AUDIENCE: Why [INAUDIBLE]?
PROFESSOR: Oh, I didn't draw all the states. The spectrum is complicated and messy, because it's sodium. And so there's all sorts of crap. So I'm just not drawing it. I'm just focusing on a specific set of spectral lines. Maybe the best way to draw that is-- OK.
So this was really troubling. So let's put this on pause for the moment, and we'll come back to it in just a second.
So meanwhile, there's something else that's sort of annoying about this system. We've got the Coulomb potential, and the Coulomb potential has the following beautiful property-- the degeneracy of any energy state is equal to n squared. Meanwhile, various people were fond of observing the fact that the number of states, which I will-- in an abuse of language-- call the degeneracy of the level n in the periodic table, is equal to-- well, the first one there's two. And then there's eight, and then there's 18. So two, 8, 8, 18, that's almost 2n squared. Two four 8, 9, 18. Cool, maybe there's a relationship, right?
And meanwhile, it's very tempting to think there's a relationship, because imagine you have four electrons. If you have four electrons, what you do you do? Well, you put an electron here, and then you could put an electron here, or you could put an other electron here. You could also put another electron here and here. Or you could put them in any combination-- two here, put two here, two here, one, one-- you could do all sorts of stuff, right?
But if, for the moment, you imagine that electrons have this funny property. Imagine for a moment that electrons have the property that they can't be in the same state at once. Then if you have four electrons-- I don't know why. I'm desperate. I'm thinking about the anamolous Zeeman effect, among other things. I have nothing better to do.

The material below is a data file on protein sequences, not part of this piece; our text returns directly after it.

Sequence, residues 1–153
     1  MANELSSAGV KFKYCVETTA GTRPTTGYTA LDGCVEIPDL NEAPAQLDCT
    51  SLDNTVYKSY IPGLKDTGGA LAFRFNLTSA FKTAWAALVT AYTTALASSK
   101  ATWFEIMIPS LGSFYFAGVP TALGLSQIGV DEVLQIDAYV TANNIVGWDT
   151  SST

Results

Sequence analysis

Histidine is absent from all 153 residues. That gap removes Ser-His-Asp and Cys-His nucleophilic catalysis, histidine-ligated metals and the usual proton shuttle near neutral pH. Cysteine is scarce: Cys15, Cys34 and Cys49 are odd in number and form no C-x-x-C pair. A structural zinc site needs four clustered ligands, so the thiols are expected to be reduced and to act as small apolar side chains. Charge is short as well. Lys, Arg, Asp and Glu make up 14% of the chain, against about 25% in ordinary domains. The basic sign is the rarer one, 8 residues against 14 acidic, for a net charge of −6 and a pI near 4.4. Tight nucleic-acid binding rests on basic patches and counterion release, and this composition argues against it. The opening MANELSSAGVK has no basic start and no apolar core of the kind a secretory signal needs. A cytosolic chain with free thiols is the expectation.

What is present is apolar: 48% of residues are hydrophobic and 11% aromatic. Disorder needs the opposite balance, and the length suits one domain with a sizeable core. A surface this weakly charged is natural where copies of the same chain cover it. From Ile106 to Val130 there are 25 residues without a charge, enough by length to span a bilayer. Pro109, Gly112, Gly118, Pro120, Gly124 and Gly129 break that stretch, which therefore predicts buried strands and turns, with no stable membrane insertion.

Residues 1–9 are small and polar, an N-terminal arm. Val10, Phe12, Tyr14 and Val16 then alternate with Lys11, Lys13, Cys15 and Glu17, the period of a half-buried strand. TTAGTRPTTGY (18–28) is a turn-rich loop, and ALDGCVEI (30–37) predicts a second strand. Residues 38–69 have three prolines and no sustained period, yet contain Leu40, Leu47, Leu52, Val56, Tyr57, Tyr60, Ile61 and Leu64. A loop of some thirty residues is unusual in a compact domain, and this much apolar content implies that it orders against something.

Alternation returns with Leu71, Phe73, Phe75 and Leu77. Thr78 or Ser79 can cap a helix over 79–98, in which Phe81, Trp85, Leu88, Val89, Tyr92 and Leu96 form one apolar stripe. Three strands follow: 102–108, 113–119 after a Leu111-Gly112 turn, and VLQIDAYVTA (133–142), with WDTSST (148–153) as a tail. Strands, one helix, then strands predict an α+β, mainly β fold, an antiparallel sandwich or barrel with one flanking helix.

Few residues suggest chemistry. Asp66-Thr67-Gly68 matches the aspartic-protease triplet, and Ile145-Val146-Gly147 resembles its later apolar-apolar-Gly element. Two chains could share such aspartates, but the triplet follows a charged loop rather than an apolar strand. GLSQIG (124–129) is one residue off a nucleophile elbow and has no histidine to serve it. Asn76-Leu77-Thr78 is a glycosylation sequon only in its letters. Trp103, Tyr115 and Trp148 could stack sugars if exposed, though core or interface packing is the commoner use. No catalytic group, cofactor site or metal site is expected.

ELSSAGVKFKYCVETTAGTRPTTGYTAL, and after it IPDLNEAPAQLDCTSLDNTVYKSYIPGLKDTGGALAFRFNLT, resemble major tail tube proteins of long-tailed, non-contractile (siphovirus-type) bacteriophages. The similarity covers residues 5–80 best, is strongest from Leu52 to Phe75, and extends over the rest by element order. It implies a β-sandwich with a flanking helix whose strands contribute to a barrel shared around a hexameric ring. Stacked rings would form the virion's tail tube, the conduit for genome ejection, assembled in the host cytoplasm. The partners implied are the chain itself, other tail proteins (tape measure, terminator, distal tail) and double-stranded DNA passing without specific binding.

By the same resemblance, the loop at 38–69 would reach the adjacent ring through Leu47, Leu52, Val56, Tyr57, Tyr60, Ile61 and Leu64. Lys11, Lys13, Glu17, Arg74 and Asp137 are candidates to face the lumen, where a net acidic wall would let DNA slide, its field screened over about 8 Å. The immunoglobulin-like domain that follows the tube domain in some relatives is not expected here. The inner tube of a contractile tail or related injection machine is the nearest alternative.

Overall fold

So just for fun, let's imagine if I put an elector here, I can't put another one. So if I have a two electron atom, the second one goes with one of these. A three-electron atom, a four-electron atom, and these guys are all related to each other, because they live in the same energy level, but they have different l values, so they'll have slightly different properties. That suggests that the one l equals 0 state should be different from the 3 l equals 1 states, chemically.
But wait-- there aren't groupings of one and three. They're groupings of two and six. Ah, two-- well, so Pauli staring at this in 1925 said the following-- he said, look, I'm going to conjecture two things. The first is that no two electrons can live in the same state-- inhabit the same quantum state.
That doesn't give us the periodic table, though. It gives us half the periodic table. There are twice as many states in hydrogen as you think.
And you might think that I'm being facetious, that he said something a little more sophisticated. But he really didn't. What he said is, I posit of the existence of an additional quantum number which the electron can have, which takes one of two values. Which translated, says, there are twice as many states as you think. So that's exactly what he said.
So this is called the Pauli exclusion principle. And now this does a totally spectacular thing-- and you've probably all seen this in high school chemistry, or even college chemistry. Now, first electron goes here, second electron goes here, because there are twice as many states as you think, but then I can't put another state in there, because that's as many as you can have. One can go here, and you can put up to six in here. And that's it.
So the E2 states, the n squared, which is 4 times 2 states, are somehow related to each other naturally. And this gives you the structure of the periodic table. In fact, an awful lot of chemistry follows directly from this.
So this is the Pauli exclusion principle. However, it's a little bit disappointing, because while this is whatever-- some ridiculous rule, but we're doing quantum mechanics and they're all ridiculous rules. On the other hand, this one is just stupid. Right? This is just, like, look, it wouldn't it be nice?
So in '25, a couple guys-- really interesting characters-- named Goudsmit and Uhlenbeck-- so Uhlenbeck-- wow, we're really low on time. OK, so I'll just tell you this, and then I'll get to the last of it later.
So Goudsmit and Uhlenbeck-- who were young, kind of naive-- said, look we've got two effects here. One effect is the anamolous Zeeman effect, and there's this weird fact that states have the wrong total angular momentum. And we have this second thing, that there are twice as many states for an electron as you think in the Coulomb potential. How can these two things fit together naturally?